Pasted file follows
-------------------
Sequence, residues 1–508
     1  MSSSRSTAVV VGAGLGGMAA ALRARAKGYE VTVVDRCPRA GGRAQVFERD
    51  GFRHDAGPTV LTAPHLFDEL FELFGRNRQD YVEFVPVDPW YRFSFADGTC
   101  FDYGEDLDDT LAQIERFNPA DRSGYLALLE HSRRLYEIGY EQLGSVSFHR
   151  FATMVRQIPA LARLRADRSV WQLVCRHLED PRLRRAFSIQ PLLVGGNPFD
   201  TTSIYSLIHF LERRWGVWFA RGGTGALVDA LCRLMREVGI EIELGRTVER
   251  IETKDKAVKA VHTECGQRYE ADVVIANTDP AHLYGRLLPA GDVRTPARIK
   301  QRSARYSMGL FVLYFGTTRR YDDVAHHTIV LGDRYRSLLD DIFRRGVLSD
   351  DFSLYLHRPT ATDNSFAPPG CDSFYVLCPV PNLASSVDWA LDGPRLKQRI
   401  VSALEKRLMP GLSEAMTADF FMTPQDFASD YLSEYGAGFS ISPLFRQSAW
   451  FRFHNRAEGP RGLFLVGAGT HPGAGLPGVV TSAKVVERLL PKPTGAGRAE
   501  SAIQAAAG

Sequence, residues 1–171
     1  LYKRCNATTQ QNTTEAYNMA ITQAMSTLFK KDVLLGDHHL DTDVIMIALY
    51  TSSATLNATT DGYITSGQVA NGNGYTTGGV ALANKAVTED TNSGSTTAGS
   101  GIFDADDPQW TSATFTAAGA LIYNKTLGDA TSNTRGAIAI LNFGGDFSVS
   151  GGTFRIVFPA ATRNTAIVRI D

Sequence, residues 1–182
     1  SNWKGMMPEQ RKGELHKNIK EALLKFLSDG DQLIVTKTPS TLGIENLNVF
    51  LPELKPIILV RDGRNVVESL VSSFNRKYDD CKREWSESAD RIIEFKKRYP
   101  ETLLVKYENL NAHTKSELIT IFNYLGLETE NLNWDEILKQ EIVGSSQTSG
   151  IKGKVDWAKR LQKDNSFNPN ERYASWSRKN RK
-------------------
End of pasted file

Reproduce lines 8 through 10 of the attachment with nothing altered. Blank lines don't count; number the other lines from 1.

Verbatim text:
   301  QRSARYSMGL FVLYFGTTRR YDDVAHHTIV LGDRYRSLLD DIFRRGVLSD
   351  DFSLYLHRPT ATDNSFAPPG CDSFYVLCPV PNLASSVDWA LDGPRLKQRI
   401  VSALEKRLMP GLSEAMTADF FMTPQDFASD YLSEYGAGFS ISPLFRQSAW